Collaborative post by Hannah & Archele
Whether you’re launching a business or looking to re-familiarize your customers/clients with your brand, you should consider hosting an event. Here are a few tips [from a marketing point of view] for planning and executing a successful event for your small business.
Before the event
Hosting an event is a great way to engage your consumers face-to-face, and increase brand awareness and loyalty. But is that all you want to do? Your first step in planning an event needs to be to establish the ultimate goal. Having a goal is the crucial difference between a successful event and a fun gathering.
Are you a fashion label looking to promote your new line? Maybe, you’re a restaurant owner and want to introduce people to your menu? Put measurable objectives in place to determine whether or not your event is quantitatively successful. New fashion line? Create a hashtag for party invitees to use when trying on clothes at the event and track of the interactions using that tag. New menu? Give out taste testing cards to record consumers’ responses to the new food.
Now that you’ve identified the goal of the event, decide who you’re going to invite. Existing customers? Prospective customers? A subset of one of the two? One of the keys to accomplishing the goal of your event is to make sure you have the right people present. And don’t forget press and media contacts. Inviting bloggers and media staff writers to your event can get you good publicity.
This is essential to the success of your event. You’ve made a goal, set a measurable objective, established your target audience, but many are unable to attend, why? Because you picked a date and time that was inappropriate for your event’s demographic. For instance, if you’re trying to attract successful business people, housing an event in the middle of a workday is a bad idea. Choose an appropriate date and time to maximize the likelihood of a successful event.
Sure, if your business is located in a hot, new location, people may show up just for that; but, this is probably not the case for most. Whether it’s door prizes and freebies, food and drinks, or live music, offering your guests a little something extra will provide incentive for them to show up. You should definitely plan to send everyone home with a memorable gift that is a reminder of your brand. Gift cards/certificates/coupons (if it’s trackable, even better!) and product samples are good options.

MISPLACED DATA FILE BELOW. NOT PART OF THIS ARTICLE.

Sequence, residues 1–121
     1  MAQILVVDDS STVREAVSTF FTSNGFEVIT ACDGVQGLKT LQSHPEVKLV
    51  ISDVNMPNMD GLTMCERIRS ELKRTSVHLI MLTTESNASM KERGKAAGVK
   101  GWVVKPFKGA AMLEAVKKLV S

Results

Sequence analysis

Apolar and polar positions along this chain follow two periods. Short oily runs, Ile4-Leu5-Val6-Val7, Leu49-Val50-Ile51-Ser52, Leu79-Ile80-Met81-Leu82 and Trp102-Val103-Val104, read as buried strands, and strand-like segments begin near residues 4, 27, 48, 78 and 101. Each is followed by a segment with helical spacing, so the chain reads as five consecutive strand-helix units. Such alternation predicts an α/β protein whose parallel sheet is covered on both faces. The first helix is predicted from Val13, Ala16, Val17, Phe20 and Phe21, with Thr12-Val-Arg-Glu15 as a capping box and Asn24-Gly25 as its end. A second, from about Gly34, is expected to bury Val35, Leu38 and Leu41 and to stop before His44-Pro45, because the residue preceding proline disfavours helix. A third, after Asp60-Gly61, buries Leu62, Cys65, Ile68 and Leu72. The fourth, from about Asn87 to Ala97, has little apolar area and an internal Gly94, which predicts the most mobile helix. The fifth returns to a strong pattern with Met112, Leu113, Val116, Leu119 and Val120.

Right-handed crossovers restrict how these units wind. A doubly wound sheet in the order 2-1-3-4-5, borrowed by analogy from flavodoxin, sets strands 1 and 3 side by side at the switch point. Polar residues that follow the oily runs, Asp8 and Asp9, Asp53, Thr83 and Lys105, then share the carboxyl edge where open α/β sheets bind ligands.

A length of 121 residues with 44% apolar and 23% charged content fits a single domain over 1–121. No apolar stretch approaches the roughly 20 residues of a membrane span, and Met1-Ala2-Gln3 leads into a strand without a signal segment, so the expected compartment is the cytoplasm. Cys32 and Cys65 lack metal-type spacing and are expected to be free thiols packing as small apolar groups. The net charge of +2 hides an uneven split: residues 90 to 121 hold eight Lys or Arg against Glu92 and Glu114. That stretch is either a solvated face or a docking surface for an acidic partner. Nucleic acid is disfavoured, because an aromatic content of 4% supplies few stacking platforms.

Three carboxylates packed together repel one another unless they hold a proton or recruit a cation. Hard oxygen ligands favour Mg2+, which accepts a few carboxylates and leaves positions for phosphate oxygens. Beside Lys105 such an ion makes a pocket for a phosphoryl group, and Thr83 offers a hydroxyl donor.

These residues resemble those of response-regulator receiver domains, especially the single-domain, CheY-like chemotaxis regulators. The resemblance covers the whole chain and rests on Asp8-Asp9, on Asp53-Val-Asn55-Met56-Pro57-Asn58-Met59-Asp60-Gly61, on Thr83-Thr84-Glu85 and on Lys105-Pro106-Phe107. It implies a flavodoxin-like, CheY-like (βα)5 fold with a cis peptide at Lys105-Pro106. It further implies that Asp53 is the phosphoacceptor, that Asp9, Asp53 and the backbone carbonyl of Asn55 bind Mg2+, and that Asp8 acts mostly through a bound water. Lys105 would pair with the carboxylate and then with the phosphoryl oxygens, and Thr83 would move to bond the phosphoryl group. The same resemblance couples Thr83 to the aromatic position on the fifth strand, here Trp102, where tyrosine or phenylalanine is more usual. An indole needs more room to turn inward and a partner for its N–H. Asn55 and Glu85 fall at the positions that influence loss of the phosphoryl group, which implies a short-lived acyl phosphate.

None of the work you’ve put in to your event will matter if you don’t develop a plan to let people know about it. Consider the audience you want to attend and the best ways to reach them, then tailor your plan accordingly. And don’t rely on just one medium. Use a mix of communication channels like PR, social media, email, the web and more, to get the word out.
Don’t forget about invitations – creative invites can evoke excitement and/or intrigue from those on your guest list. If your event is public – make sure you make your invites shareable (in case you don’t know, your invites should definitely be digital – and physical when relevant). Be sure to mention the incentives in your promotional activities.
From location and decor, to the flow of guests during the event and the agenda, be sure you consider all the details of your event carefully and deliberately. A negative experience for your guests could reflect poorly of your brand; but a positive experience will give a boost to your brand’s credibility and increase your guests’ likelihood of engaging with you again.
During the event
Once the day of the event arrives, your work doesn’t stop. Beyond day-of coordination, you should have someone posting to social media on behalf of your brand to let the rest of the world know what they’re missing. Implement a special hashtag to use on social media during the event so you can keep up and engage with social content pertaining to the event. You should make use of professional photography and videography to create media that you can use to recap and to promote your brand even after the event has ended.
One other thing to do during the day is to provide your guests with the option to connect with you in a way that will be valuable beyond the event. Whether it’s signing up for your emails or connecting with your social media channels, you should make the option conveniently available.
After the event
While planning an event can be exhausting, the last thing you should do once it’s done is slow down. You should thank those who attended your event and send an email to those folks who signed up for your mailing list with an effort for continued engagement. Post a recap to your blog full of pictures and video. Repurpose the images and videos for continued marketing activities, and be on the lookout for any coupon/gift card redemptions that may come through from your giveaways. Lastly, write an internal recap and list the things that went well and the things that could be improved should you decide to do another event.
Those are the basics! Hosting an event can be intimidating, but if you take the time to plan carefully and use the tips above, you’ll surely be on your way to a successful event.
Housed your own successful event? What worked? What didn’t work? Share your tips in the comments below!